The pasty-white gameBOY who shot up Sandy Hook didn’t need a link to any gun market, underground or otherwise, to “find many guns”. Here in the Midwest, practically everyone who isn’t a gun enthusiast knows at least a few who are. As with drugs in our schools, Mohamed doesn’t need to go to the mountain, the mountain will come to him. I can’t count the number of times I was solicited during the last assault weapons ban by various acquaintances eager to help me assemble one from legally purchased components. (I declined, though I do enjoy shooting their guns from time to time). The ban didn’t seem very effective to me — I certainly wouldn’t have described the market as “frozen” — I knew quite a few people who made it a point to procure that which was banned (because it was banned) and who were strident evangelists encouraging others to do the same and offering their help in doing so.

    But a ban will help a lot of people to feel like we’re “doing something about the problem”, regardless of it’s effectiveness. That good feeling will come at a political price. Nothing mobilizes the right like a perceived threat to their gun rights. 2014 should be interesting.

  3. Since this is a very thoughtful community, I’m hoping someone here might tell respond to this. I am sincere here; I’m not trying to be sarcastic, though I recognize it might seem that way.

    If I understand the argument correctly, strict constructionists (like Scalia) uphold the death penalty, because they oppose the idea that the death penalty is “cruel and unusual.” They do so based on a static reading of the Constitution, and the death penalty is not cruel or unusual because it was not considered to be so at the time the Constitution was written. They would argue that the Constitution is not a living document, and therefore when we refer to “cruel and unusual” punishment we must think of it as the authors of the Constitution intended did when they wrote it. I hope that it stating their argument correctly, if not elegantly.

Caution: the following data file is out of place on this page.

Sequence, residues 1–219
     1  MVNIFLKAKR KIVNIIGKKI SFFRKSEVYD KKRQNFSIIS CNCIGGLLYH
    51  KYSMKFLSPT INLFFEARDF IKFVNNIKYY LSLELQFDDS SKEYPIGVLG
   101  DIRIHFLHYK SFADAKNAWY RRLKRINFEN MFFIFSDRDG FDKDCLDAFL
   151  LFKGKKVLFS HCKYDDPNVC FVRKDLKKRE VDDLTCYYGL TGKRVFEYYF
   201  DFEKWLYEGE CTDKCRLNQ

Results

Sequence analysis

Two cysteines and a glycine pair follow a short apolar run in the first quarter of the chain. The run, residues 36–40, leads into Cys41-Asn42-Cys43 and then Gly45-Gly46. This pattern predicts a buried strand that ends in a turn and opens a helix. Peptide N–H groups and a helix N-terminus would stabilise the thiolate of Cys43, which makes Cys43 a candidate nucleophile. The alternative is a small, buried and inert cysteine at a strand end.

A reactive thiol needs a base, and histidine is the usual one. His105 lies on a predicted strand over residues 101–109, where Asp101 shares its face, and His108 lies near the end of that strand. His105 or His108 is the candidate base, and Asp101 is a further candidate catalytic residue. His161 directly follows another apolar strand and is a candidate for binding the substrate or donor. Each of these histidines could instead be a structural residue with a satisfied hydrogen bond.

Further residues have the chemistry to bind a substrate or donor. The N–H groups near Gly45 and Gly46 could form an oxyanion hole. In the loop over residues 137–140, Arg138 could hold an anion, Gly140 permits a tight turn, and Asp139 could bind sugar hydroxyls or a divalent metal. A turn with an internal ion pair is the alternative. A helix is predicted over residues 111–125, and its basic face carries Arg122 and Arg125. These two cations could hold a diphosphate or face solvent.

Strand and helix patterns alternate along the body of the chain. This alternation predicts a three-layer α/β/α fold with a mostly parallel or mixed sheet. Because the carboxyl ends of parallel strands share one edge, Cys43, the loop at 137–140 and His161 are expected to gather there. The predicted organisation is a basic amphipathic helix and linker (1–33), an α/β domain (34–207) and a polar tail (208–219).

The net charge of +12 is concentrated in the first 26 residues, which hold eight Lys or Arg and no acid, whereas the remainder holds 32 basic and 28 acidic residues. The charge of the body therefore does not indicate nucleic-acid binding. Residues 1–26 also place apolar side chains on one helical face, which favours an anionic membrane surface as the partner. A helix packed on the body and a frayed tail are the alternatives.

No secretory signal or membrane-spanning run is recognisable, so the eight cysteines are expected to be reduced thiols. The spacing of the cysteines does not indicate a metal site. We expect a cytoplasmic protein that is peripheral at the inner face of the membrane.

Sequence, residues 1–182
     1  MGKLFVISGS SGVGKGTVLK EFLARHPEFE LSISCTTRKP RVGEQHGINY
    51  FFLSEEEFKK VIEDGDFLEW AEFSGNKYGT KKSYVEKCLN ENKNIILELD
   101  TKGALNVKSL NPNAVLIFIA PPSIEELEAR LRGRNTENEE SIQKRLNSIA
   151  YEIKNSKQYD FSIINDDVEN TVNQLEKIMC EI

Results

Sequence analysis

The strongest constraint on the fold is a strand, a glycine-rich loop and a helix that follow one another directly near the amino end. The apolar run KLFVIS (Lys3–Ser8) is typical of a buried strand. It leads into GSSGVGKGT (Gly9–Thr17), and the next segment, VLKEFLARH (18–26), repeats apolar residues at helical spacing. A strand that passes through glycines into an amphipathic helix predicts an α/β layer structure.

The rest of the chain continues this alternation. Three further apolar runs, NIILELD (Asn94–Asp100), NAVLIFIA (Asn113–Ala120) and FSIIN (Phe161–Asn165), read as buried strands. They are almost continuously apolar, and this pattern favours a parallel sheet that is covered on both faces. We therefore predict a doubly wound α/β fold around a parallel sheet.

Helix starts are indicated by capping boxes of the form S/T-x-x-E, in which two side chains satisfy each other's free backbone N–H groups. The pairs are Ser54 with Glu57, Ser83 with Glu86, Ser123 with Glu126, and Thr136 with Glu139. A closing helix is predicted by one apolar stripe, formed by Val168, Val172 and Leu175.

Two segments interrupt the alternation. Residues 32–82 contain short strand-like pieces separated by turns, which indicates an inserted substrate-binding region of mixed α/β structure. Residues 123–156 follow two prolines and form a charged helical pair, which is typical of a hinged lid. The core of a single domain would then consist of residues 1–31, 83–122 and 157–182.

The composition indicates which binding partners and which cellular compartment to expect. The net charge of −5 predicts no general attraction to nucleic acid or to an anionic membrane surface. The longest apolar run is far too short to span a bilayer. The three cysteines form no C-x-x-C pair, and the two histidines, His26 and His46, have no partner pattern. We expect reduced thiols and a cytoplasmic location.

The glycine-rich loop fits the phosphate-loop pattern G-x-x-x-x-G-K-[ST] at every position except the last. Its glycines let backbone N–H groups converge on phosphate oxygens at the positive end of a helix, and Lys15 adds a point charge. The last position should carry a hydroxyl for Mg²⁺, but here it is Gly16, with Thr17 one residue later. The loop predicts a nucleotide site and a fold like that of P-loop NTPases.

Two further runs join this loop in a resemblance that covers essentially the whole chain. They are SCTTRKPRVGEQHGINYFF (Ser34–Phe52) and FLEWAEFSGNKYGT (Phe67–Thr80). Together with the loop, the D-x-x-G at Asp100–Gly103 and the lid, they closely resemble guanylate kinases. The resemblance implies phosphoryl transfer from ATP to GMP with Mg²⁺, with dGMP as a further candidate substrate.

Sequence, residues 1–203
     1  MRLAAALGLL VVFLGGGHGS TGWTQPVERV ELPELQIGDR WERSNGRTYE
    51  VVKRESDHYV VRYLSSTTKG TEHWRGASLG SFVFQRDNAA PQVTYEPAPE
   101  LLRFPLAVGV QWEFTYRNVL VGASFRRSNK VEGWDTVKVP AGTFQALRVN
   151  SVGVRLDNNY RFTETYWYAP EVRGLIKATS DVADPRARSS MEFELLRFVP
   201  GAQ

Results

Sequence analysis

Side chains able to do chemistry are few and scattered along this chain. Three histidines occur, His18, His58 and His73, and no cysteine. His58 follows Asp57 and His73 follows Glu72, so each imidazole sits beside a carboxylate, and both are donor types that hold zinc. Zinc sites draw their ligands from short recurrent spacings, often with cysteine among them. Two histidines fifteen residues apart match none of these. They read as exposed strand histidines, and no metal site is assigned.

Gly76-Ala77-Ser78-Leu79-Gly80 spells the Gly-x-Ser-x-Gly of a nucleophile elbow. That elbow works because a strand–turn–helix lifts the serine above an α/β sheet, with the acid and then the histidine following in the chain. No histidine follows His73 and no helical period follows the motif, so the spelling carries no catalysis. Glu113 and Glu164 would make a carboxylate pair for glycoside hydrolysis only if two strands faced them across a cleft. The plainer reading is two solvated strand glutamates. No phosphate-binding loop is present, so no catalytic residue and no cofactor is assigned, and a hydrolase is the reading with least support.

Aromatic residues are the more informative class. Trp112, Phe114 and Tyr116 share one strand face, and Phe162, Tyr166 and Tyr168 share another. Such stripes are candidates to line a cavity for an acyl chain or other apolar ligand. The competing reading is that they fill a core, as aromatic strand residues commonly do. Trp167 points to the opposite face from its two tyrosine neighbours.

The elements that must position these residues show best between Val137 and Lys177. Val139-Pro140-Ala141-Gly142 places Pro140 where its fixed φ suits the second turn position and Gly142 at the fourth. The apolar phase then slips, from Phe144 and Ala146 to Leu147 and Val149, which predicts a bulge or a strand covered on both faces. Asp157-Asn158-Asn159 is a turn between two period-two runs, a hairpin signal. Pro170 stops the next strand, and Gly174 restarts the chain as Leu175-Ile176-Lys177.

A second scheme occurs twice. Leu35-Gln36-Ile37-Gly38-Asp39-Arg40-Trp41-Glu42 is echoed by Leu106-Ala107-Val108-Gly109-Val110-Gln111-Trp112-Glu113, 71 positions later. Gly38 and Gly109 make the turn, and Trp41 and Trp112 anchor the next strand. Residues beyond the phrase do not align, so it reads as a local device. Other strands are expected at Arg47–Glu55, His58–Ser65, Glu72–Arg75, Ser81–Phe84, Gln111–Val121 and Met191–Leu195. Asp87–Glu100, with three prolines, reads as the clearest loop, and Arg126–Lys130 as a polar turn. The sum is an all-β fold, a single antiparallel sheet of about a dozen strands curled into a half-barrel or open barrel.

So, why not then apply this same logic to the 2nd amendment? Why then has the definition of “arms” changed to include AK-47s? Wouldn’t it follow that if the definition of cruel and unusual must remain static, so too must the definition of arms? Or am I drastically overreaching here?

    1. It has nothing to do with logic. Since all our governing institutions, including the SC majority, have been purchased by the ruling elite… logic is what they say it is.

      There, I hope I’ve been helpful.

  4. I don’t think a ban on sales makes possession inside your home illegal. I want to impede the transfer and acquisition of semi-autos. So any part of any illegal gun found on your possession outside your house/property will cause arrest, confiscation, and a search of your house. Iy you have a cache, you can’t afford to do anything wrong – like leaving them unlocked at home. I want laws so strong that gun owners can;t afford to be slack anywhere anytime.

    1. Automobile accidents cause much more death and mayhem than misuse of semi-auto firearms, so logically…

      I want to impede the transfer and acquisition of automobiles.
      I want laws so strong that car owners can’t afford to be slack anywhere anytime.

      More laws, more restrictions on someone else’s liberties (especially liberties one’s tribe feels little need to exercise), and more draconian punishment for the slightest transgression — haven’t we failed enough at that already? Will we really improve our lives by further building out the police-state totalitarian society we’re well on our way to becoming?